The state legislature’s two Republican leaders, Senate Minority Leader Steven Oroho (R-Franklin) and Assembly Minority Leader John DiMaio (R-Hackettstown), sent a letter today to Princeton University President Christpher Eisgruber with their concerns about the Princeton Gerrymandering Project’s involvement in congressional redistricting.
According to New Jersey Globe reporting from this morning, the Princeton Gerrymandering Project, which advised Congressional Redistricting Commission tiebreaker John Wallace, appeared to favor Democrats throughout the mapmaking process. The commission’s five Democrats were reportedly given feedback from Princeton staffers about both their map and the Republican map, something not given to their Republican counterparts.
Wallace eventually chose a Democratic-drawn map with guidance from his Princeton advisors, who have refused to share their data with the public or even with the redistricting commissioners themselves.
“It has been alleged that Princeton Gerrymandering Project staff provided inside information to the Democratic congressional redistricting team about the strength of the proposed Republican map and provided guidance regarding specific deficiencies in the Democrat map that needed to be cured in order to create a stronger submission than that of the Republicans,” Oroho and DiMaio wrote. “By providing confidential information to one side, Princeton Gerrymandering Project staff likely tipped the scales in favor of Democrats.”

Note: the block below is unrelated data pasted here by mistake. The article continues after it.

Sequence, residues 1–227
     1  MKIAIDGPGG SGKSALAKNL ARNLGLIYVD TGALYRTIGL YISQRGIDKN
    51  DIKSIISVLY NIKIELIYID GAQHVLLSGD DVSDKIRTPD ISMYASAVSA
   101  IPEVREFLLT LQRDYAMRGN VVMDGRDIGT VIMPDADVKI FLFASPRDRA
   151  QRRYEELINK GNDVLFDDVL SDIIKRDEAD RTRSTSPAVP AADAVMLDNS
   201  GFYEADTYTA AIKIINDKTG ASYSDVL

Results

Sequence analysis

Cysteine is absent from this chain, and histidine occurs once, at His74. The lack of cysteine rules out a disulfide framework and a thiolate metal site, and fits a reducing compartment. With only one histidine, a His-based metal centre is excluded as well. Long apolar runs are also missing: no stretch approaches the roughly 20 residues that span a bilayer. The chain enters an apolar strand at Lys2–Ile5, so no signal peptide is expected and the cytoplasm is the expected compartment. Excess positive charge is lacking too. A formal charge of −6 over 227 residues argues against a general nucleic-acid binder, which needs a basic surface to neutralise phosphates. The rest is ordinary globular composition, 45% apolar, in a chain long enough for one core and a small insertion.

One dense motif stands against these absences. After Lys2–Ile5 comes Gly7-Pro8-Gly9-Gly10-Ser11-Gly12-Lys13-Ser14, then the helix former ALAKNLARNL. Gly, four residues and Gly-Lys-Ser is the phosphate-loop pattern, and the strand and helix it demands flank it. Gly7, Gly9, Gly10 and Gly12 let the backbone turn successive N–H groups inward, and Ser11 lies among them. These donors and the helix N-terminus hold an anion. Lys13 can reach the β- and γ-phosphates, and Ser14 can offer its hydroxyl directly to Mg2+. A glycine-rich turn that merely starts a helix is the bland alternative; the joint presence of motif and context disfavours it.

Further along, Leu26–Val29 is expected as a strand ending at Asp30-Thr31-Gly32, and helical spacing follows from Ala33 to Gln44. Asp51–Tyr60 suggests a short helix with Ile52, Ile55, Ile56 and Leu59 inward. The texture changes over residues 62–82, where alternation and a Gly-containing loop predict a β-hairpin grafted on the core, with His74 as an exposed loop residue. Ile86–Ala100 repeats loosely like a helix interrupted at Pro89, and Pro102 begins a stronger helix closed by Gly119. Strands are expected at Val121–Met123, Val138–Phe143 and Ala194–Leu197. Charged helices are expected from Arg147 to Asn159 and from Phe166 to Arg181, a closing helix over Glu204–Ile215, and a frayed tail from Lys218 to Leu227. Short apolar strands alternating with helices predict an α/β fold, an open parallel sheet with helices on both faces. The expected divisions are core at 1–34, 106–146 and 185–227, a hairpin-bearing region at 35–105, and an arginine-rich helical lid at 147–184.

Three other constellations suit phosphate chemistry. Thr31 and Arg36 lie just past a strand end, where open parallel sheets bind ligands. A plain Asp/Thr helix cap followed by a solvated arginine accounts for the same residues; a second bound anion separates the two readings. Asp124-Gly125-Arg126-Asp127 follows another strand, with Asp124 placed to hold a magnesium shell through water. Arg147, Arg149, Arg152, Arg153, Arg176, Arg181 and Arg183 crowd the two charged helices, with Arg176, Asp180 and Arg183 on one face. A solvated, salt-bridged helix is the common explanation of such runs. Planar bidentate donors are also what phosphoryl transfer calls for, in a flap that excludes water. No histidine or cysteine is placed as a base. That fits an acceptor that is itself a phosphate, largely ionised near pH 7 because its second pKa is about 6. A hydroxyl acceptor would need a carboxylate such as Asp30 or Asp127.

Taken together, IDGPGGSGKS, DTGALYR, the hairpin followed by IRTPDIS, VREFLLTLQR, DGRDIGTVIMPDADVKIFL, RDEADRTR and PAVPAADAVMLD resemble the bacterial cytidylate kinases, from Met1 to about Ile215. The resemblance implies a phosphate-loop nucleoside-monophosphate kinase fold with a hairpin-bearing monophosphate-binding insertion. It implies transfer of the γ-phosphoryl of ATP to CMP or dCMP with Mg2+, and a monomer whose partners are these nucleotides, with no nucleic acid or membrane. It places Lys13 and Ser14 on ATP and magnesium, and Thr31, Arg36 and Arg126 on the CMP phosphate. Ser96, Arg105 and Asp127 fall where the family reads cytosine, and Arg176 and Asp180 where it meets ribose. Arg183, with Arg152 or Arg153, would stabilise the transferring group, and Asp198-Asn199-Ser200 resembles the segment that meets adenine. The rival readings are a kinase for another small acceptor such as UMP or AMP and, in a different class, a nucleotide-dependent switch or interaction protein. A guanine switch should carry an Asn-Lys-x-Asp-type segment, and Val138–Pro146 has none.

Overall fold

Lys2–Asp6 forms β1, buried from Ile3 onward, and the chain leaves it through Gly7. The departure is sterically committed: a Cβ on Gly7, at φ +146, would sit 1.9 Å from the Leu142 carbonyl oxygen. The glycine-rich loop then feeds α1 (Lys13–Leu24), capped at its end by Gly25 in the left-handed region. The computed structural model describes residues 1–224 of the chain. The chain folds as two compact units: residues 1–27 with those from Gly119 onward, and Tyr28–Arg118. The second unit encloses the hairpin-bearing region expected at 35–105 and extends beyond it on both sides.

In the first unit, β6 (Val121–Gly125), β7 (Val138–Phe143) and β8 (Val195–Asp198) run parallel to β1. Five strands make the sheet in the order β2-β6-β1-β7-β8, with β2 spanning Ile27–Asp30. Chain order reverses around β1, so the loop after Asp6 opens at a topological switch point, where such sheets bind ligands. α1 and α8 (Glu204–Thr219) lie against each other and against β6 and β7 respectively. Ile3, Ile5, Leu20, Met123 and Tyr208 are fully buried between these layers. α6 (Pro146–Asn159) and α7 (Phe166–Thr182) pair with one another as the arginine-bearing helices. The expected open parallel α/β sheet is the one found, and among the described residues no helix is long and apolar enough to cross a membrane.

Oroho and DiMaio continued that, given Princeton’s reputation and commitment to academic integrity, the university should look into the Princeton Gerrymandering Project and its leader, Neuroscience Professor Sam Wang.
“Taking no action to investigate and address the extremely serious allegations would certainly cast immeasurable doubt about the integrity of your institution,” they wrote. “What steps are being taken to investigate the claims of improper conduct by Princeton Gerrymandering Project staff during the congressional redistricting process? What steps are being taken to hold staff accountable for any improper conduct that has taken place?”
While the congressional redistricting process is likely over, the state’s Legislative Apportionment Commission is just beginning its own map drawing process – and that commission’s tiebreaker, Philip Carchman, has also taken on the Princeton Gerrymandering Project as advisors.Oroho DiMaio Princeton letter